I’m back in France, and about the time Donald Trump was taking the oath of office in the rain, I was trapped on a bus in the dark going around in circles. That’s what it felt like anyway, going round and round traffic roundabouts in the dark countryside after being bottlenecked for hours.
I was afraid it was a metaphor. I’ve been afraid for months. Of losing my insurance. Getting hassled, beaten, attacked by newly emboldened bigots. Targeted for being a dyke, or using the women’s bathroom while slightly butch, or maybe for speaking a foreign language out in public with my partner or friends. It’s happened before. I didn’t know a few syllables of Spanish could turn a white guy’s face so red.
But then Saturday, Saturday. I turned on the TV in the afternoon, and saw women, thousands of women. All those pink and red and magenta pussyhats. And signs, funny, furious, witty, obscene, and glorious messages of hope and resistance. I was taken aback, not just by the protesters, but the fact that the misogynist French mainstream media was actually covering the Paris Women’s March. They were even interviewing a range of women. An old white one. A young brown one. And that was just the beginning.
All night long they followed marches in the US. The BBC, meanwhile, reported on the tens of thousands of protesters who filled Trafalgar Square. I couldn’t believe the images from the US, all those gazillions of people, mostly women, pouring into the streets in Chicago, and Detroit, and even mustering several thousand in Lexington, Kentucky.
I got kind of teary, but with joy for a change. At the marchers. But also at a new opening in the media that might just pay attention this time because democracy itself is in danger. And I tuned in occasionally to the Washington March, and listened to the speakers who were a righteously diverse bunch. Even the long-winded mansplainer Michael Moore offered Ashley Judd the opportunity to school other women in how to deal with that kind of masculine gasbaggery. You pull the plug, totally step on their ass. I was also impressed at how comfortable she was performing that poem that had her talking about racism, and queers, and trans people. That gave me hope, too.
I admit, I didn’t expect such a high turnout for the Women’s March, especially in the US, where most Americans have never been on the street. Even the black marchers of Black Lives Matter are only a small percentage of their communities. And seasoned activists are often snobs. Before we go to a march, we want to know who’s organizing the thing, what their pedigree is. Is it up to snuff? Are they? Who else is going? Are they radical enough? Inclusive enough?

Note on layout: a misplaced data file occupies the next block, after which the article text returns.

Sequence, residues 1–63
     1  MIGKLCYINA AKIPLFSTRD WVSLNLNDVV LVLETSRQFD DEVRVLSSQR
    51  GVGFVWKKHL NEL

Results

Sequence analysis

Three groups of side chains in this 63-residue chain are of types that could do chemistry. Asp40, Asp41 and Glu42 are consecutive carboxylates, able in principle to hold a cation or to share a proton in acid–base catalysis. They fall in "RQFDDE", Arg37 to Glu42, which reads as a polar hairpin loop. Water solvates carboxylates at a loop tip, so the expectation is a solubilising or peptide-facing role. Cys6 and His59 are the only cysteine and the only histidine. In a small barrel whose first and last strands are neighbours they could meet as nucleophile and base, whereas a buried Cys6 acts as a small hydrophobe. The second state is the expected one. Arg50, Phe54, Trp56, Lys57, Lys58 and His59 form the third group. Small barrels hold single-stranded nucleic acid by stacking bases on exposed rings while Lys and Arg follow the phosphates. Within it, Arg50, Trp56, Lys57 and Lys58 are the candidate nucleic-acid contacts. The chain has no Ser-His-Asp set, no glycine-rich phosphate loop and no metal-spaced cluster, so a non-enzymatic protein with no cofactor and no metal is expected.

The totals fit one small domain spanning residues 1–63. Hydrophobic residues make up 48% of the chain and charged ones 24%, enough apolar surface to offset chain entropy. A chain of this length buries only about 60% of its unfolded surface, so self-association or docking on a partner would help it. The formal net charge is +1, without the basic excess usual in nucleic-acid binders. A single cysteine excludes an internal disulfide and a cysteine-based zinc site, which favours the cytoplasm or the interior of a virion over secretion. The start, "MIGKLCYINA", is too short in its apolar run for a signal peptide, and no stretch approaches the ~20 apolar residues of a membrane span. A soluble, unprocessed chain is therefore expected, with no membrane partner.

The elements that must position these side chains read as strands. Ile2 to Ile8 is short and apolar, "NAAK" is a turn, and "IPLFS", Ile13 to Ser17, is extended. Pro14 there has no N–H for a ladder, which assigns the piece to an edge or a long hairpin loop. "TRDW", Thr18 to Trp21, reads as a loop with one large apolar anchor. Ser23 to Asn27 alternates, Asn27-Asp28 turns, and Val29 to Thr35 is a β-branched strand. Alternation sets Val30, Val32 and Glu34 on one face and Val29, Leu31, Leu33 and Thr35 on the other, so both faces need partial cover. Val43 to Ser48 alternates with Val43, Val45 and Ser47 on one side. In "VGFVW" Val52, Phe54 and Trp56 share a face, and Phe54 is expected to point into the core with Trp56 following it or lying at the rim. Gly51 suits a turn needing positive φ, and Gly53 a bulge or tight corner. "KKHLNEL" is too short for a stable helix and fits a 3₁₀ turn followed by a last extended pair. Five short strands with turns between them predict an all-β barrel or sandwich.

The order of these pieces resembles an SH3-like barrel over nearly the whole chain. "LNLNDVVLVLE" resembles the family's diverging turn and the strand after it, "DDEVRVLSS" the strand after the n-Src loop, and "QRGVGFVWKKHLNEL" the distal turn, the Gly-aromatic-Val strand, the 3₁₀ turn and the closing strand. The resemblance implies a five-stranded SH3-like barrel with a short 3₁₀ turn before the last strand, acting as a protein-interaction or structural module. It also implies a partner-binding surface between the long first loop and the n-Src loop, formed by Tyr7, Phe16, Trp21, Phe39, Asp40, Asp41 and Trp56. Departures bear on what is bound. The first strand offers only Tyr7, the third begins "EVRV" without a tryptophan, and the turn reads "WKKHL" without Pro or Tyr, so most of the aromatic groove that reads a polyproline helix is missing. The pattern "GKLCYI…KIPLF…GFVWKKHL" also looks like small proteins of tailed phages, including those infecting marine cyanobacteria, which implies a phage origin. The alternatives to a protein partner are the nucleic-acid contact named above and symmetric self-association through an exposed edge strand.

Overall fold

There’s a reason for our skepticism. We often see LGBTQ describing an organization or event even though it’s dominated by gay white men. The women’s movement in the US, and many other places, has a history of indifference, if not outright hostility toward dykes, poor women, minorities, trans people.
On the other – left – hand, the last time I went to a march in Paris for International Women’s Day I thought I was in the wrong place. All the signs were about Palestine or the Iraq War or the environment, and didn’t even include the word “Femme.” The bodies in the crowd didn’t give a hint either. Most of the women were there with men so no one would think they were dykes. It seemed like women needed some kind of modifier to be valued, were expected to embody an inclusiveness that other groups, like #BLM, are entitled to push back from. Don’t come here with that #alllivesmatter nonsense that stinks of racism and privilege.
And yet, and yet. Women are half the population of the earth. Half of every racial and ethnic and religious group. All social and political issues everywhere affect the lives of women in some profound way. Don’t expect me to leave my dykeness at home. The place I came from. Our experience of race is entangled with everything. The challenge for the new women’s movement is to acknowledge these threads without erasing fundamental truths about the identity that arbitrarily unites us –– how our lives are marked by a toxic masculinity that systematically attacks and diminishes those of us with female bodies or touched by femininity in any way at all.
After a rocky start, the March organizers did a good job of pulling all the issues, all the people together. If Trump and his minions have performed one service, it is to make visible the deep connections between our country’s hardcore misogyny and anti-queer, white supremacist hate. All us social minorities are in the same boat. And if we don’t rise and resist together, we’re sunk.
Kelly Cogswell is the author of “Eating Fire: My Life as a Lesbian Avenger,” from the University of Minnesota Press.
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